Name: From the Greek protos, first, and actinium, element 89. Protactinium forms actinium when it decays.
Atomic mass: 231.04.
History: Discovered in 1913 by Kasimir Fajans and O. H. Göhring while studying uranium decay.
Occurrence: Naturally occurring, short-lived member of the uranium-238 decay series. It can be isolated in small amounts from some uranium ores, such as pitchblende.
Appearance: Silvery metal.
Behavior: Toxic and extremely radioactive.
Uses: No commercial uses. Pa

" Don't call it transmutation. They'll have our heads off as alchemists!"Ernest Rutherford warned his colleague Frederick Soddy in 1901. But transmutation it was--and transmutation would be the theme during Soddy's life (1877­1956).

Soddy was one of the discoverers of protactinium, but this was a minor accomplishment, considering that it was Soddy who elucidated the concept of isotopes--the existence of elements of identical chemical properties yet different atomic masses--for which he received the 1921 Nobel Prize in Chemistry. Soddy also theorized and then proved that radioactivity is accompanied by a chemical "transmutation" of the elements--that is, one element changing into another element by nuclear decay. Hence Rutherford's warning.

Protactinium was first identified by Kasimir Fajans and O. H. Göhring in 1913 while they were studying uranium's decay. They found protactinium-234, which, because of its short half-life (1.17 minutes), they called "brevium." The element's existence was confirmed in 1918 when protactinium-231 was independently discovered by Otto Hahn and Lise Meitner in Germany and Soddy and John Cranston in Scotland. Its name was changed from brevium to protoactinium and then shortened to protactinium in 1949.

Soddy was not a traditional alchemist; his work was not about turning base metals into gold--far from it. "Energy, not gold, will be the quest of the modern scientific alchemist," Soddy wrote. He envisioned nuclear scientists contributing to the good of humanity. By the discovery of the immense stores of energy in the atomic nucleus, he wrote, "it, for the first time, transpires that the hard struggle for existence on the bare leavings of natural energy in which the race has evolved is no longer the only possible or enduring lot of Man. It is a legitimate aspiration to believe that one day he will attain the power to regulate for his own purposes the primary fountains of energy which Nature now so jealously conserves for the future."

He envisioned a future Eden-like Earth with clean air and water and untold energy that could never be used up--and an end to poverty and suffering. And scientists had the privilege and the responsibility to bring this wealth to humanity. According to biographer Linda Merricks, during lectures Soddy gave in Aberdeen, Scotland, in 1914, he "pointed out that the potential energy contained in radium, which was a million times greater than the same weight of coal, would, if it could only be harnessed, provide a cheap and clean source of energy which could be turned into work."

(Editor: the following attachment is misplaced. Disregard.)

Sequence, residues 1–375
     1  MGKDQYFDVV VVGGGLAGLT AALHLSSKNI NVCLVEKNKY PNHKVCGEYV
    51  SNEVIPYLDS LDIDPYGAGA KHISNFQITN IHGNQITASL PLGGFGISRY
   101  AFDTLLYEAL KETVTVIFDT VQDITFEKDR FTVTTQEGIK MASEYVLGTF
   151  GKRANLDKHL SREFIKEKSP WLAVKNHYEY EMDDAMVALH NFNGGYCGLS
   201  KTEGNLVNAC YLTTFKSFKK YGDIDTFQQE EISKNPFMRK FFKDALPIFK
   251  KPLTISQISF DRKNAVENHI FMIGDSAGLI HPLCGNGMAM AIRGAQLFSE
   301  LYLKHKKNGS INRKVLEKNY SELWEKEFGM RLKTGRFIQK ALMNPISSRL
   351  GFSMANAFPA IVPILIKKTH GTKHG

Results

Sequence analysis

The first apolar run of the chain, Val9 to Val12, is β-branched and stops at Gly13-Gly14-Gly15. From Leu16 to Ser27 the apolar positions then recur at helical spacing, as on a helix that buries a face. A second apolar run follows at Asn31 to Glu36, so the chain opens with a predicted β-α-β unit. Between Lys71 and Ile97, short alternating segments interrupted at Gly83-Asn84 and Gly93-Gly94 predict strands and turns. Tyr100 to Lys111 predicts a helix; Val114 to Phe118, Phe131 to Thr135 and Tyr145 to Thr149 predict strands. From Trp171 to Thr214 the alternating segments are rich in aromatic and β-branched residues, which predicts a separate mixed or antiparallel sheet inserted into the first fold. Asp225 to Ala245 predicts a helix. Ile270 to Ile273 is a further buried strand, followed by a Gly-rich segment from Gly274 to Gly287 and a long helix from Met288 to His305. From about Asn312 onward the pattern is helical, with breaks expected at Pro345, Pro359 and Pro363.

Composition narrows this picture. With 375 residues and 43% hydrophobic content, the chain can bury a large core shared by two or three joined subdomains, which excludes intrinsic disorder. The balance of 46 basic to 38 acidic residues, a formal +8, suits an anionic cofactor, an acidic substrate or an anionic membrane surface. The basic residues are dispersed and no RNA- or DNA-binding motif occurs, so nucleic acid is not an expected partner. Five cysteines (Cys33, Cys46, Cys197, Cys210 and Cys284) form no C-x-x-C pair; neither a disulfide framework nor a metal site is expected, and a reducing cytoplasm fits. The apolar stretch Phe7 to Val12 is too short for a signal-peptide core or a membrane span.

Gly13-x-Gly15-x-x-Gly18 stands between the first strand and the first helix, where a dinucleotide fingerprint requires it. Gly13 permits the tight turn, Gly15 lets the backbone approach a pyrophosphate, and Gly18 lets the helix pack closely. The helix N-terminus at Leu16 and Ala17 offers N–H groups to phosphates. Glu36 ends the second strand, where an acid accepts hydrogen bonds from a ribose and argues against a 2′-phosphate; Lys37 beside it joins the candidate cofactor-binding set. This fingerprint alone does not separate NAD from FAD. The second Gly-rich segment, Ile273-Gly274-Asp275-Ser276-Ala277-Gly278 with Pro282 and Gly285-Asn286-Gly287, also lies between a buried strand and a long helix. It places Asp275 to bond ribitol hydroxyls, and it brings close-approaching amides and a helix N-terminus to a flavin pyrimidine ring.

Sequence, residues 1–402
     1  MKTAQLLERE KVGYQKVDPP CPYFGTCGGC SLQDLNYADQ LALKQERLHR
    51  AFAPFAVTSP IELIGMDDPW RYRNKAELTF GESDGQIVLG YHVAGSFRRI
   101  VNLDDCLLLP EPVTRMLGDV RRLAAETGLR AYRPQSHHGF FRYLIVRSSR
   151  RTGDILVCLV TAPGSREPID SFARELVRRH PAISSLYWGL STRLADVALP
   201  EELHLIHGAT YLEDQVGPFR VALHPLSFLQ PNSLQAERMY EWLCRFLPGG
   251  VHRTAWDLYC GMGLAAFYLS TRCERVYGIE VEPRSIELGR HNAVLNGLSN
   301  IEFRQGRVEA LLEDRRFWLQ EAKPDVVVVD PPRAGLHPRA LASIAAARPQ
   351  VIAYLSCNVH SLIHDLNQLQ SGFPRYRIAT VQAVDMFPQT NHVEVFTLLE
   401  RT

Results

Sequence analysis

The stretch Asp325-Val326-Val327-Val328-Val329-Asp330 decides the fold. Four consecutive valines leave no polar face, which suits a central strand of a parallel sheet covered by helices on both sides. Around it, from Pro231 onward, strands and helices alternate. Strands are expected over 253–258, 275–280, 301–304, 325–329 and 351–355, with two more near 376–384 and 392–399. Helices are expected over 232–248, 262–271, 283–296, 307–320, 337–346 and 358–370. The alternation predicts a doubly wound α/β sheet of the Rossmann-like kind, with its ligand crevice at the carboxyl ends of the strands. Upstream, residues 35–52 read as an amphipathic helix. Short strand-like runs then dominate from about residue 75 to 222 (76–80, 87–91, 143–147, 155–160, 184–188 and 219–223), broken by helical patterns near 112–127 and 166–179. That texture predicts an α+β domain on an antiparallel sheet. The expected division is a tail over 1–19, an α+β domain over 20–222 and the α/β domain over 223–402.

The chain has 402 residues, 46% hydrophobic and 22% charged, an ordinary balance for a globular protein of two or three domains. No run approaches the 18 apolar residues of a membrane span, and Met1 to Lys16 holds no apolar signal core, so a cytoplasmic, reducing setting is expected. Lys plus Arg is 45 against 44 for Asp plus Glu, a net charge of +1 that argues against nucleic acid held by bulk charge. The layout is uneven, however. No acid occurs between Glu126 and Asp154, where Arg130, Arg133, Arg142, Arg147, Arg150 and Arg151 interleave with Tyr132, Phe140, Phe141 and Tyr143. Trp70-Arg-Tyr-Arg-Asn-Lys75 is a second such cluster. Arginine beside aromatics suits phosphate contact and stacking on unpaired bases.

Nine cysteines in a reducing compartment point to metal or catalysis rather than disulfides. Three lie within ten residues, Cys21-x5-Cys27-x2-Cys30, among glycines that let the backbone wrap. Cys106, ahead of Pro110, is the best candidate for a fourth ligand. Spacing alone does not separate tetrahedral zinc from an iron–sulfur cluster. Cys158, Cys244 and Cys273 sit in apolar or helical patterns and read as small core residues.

But Soddy had seen that science applied to world needs could also be applied to destructive purposes. One example, particularly striking at the time, was that the 1909 development by Fritz Haber and Carl Bosch of a high-pressure synthesis of ammonia on a large scale for the production of fertilizers could also be used in armaments. If a productive process like making fertilizers to feed a hungry world could be transmuted in such a way, then the problems for atomic power were going to be enormous. These thoughts weighed heavily on Soddy, who was thankful that no method of controlling the release of atomic energy had been developed. He hoped "that we should not discover it until Man was living at peace with his neighbors." It wasn't to be.

Soddy left science and refrained from performing any work that might further the achievement of controlled atomic energy. He changed his research focus to economics, particularly to monetary theory. This transmutation didn't go over well. According to Thaddeus J. Trenn, a physicist and historian of science and religion at the University of Toronto: "It has often been said of Soddy that he went 'off the rails' about 1919. ... His ensuing excommunication from the scientific community was conducted with the same righteous vigor as was his exclusion from the esoteric circle of economists. He was loved by neither and despised by all."

All the while, artistic, political, and scientific minds responded to the atom's potential. Soddy's lectures, published in 1909 as "The Interpretation of Radium" were used by H. G. Wells in his novel "The World Set Free," which he dedicated to Soddy. The book was published weeks before the outbreak of World War I.

In the novel, prescient Wells describes the first splitting of the atom and a war in Europe in which cities are destroyed by atom bombs dropped from aircraft. Later in the book, Wells describes the bomb sites as remaining poisonous. In the mid-1930s, Wells's book, imbued with Soddy's ideas, set Leo Szilard thinking about the possibility of chain reactions and how they might be used to create such a bomb. Or at least that's how the story goes.

In 1953, having seen the realization of his worst fears in Hiroshima and Nagasaki, Soddy wrote, "We have to find out how it comes about that science, which, without economic exhaustion, provided the sinews of war for the most colossal and destructive conflict in history, with the manpower of the nations engaged in military service, has not yet abolished poverty and degrading conditions of living from our midst in the piping times of peace." We still ask.

Linda Raber heads the ACS News & Special Features department of C&EN. She had the happy task of finding writers for most of these essays.


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